Long Island Tennis Magazine book critic Brent Shearer recently had the opportunity to chat with noted tennis broadcaster, Mary Carillo, on topics ranging from the Agassi-Sampras feud during the Hit for Haiti benefit in Indian Wells, to how Venus and Serena Williams have dominated the women’s game. As ever, the Douglaston, Queens, N.Y. native spoke her mind with her customary blend of humor and optimism.
Carillo has covered tennis for ESPN, CBS, NBC and USA networks. She has been fixture at the Olympics working for both CBS and NBC, starting in 1992. In addition, she is a correspondent for HBO’s Real Sports with Bryant Gumbel. Together with veteran sportswriter Frank DeFord, Carillo won a Peabody Award for the HBO documentary “Dare to Compete: The Struggle of Women in Sports.”
Before asking Carillo some specific questions about the state of our game and the state of Mary C., Shearer pointed out that one way to look at her career is that she is following in the footsteps of that other great reporter from Queens, Jimmy Breslin. The “Breslin” technique is to talk to the least important person in the room. It also involves getting away from the pack of reporters and basing your stories on “real” people who may have been overlooked by other media outlets.
Carillo said she was honored to hear her work compared to Breslin’s. She acknowledged being impressed by such legendary stories from the master as the time after the Kennedy assassination, when Breslin interviewed John F. Kennedy’s gravedigger.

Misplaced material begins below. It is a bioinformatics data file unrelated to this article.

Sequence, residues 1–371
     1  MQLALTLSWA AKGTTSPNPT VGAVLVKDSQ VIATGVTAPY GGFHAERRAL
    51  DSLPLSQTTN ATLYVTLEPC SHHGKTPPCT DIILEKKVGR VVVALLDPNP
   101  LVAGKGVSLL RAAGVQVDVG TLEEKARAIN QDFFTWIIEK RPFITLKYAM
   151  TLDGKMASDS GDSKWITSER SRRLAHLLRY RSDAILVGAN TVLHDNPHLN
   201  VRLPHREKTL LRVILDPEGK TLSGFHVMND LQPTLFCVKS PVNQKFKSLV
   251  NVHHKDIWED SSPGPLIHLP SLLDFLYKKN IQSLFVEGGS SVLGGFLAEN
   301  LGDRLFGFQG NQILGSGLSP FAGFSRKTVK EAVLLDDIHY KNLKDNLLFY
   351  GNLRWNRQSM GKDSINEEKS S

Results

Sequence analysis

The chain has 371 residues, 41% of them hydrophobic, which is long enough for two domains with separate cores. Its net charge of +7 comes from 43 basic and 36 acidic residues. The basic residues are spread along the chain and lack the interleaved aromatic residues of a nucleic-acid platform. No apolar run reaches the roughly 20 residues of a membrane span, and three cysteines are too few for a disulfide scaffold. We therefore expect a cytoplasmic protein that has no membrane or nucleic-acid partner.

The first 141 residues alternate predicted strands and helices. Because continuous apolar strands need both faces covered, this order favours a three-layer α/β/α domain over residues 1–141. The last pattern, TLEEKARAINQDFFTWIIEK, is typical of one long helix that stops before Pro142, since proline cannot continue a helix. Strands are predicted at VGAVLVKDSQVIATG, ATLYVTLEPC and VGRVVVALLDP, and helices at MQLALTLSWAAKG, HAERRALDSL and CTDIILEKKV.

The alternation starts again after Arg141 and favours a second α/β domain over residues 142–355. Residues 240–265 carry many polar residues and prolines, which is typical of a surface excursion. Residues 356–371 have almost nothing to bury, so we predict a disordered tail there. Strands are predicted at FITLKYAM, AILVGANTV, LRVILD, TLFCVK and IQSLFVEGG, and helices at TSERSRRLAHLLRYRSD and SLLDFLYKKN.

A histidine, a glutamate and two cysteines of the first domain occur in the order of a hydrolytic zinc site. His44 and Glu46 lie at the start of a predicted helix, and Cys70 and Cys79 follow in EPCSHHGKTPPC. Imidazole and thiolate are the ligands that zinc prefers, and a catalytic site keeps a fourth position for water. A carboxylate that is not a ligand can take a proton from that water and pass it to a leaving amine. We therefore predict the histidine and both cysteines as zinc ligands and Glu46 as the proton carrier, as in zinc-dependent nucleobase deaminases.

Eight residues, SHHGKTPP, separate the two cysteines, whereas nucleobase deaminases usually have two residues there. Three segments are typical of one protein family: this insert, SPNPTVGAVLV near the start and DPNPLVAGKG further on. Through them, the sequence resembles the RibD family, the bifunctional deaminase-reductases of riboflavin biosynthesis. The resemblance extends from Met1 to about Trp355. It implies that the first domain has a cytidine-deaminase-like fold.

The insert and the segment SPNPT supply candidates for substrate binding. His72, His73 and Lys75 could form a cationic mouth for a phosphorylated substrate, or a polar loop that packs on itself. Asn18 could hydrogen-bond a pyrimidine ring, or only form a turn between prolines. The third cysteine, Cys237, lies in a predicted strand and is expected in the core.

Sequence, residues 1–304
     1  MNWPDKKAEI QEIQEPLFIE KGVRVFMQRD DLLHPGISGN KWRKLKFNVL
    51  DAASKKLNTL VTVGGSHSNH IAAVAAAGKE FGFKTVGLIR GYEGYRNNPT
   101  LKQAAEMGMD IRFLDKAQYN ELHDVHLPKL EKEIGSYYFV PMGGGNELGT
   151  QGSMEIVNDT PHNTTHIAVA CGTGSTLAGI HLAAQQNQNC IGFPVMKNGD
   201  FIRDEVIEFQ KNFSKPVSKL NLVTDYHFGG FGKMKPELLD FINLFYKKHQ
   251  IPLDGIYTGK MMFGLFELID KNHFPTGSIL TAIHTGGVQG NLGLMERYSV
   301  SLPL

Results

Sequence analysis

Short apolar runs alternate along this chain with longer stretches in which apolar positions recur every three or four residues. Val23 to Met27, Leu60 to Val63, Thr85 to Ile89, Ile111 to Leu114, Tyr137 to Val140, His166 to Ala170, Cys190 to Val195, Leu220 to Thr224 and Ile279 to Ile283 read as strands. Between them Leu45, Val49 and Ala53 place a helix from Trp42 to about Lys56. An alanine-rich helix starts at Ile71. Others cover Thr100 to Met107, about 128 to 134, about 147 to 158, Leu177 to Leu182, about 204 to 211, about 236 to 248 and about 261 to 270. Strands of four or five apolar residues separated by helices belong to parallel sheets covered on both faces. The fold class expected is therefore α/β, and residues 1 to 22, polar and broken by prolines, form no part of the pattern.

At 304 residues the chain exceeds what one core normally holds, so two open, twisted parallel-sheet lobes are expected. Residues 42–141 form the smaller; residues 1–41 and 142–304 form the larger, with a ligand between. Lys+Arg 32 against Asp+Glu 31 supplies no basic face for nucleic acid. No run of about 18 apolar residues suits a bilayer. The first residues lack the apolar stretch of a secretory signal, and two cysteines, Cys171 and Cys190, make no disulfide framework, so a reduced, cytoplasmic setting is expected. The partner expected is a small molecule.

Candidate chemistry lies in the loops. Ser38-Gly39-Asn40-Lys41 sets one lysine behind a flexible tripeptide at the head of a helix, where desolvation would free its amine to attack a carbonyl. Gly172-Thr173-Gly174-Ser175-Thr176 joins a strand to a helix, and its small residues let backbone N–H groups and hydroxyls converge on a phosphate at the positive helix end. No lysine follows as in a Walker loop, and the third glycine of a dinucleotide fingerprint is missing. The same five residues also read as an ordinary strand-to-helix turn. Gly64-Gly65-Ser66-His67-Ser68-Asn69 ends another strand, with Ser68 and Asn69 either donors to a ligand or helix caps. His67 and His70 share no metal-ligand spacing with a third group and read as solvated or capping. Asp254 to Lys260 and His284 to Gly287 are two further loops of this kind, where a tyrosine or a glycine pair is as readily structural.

This influence, in part, explains Carillo’s penchant for finding unusual stories and adding color to sports broadcasts by talking to non-traditional sources.
Carillo, who turned 53, a day before this March 16 conversation with Long Island Tennis Magazine, talked about changes the game needs to make, Patrick McEnroe’s role as Davis Cup Captain and the effect of her children, 22-year-old Anthony and 18-year-old Rachel, on her life. She squeezed in the interview from her home in Naples, Fla., en route to her daughter Rachel’s high school tennis match.
Have your kids made it easier for you to communicate with the players on the tour?
I hope so. I have a great respect form young people. When you think about all these young people, and not only tennis players, but also the athletes I met at the Olympics, and you consider their level of commitment to reaching publicly-stated goals, you have to be impressed. I’m a big fan of these kids. They really show an uncommon poise.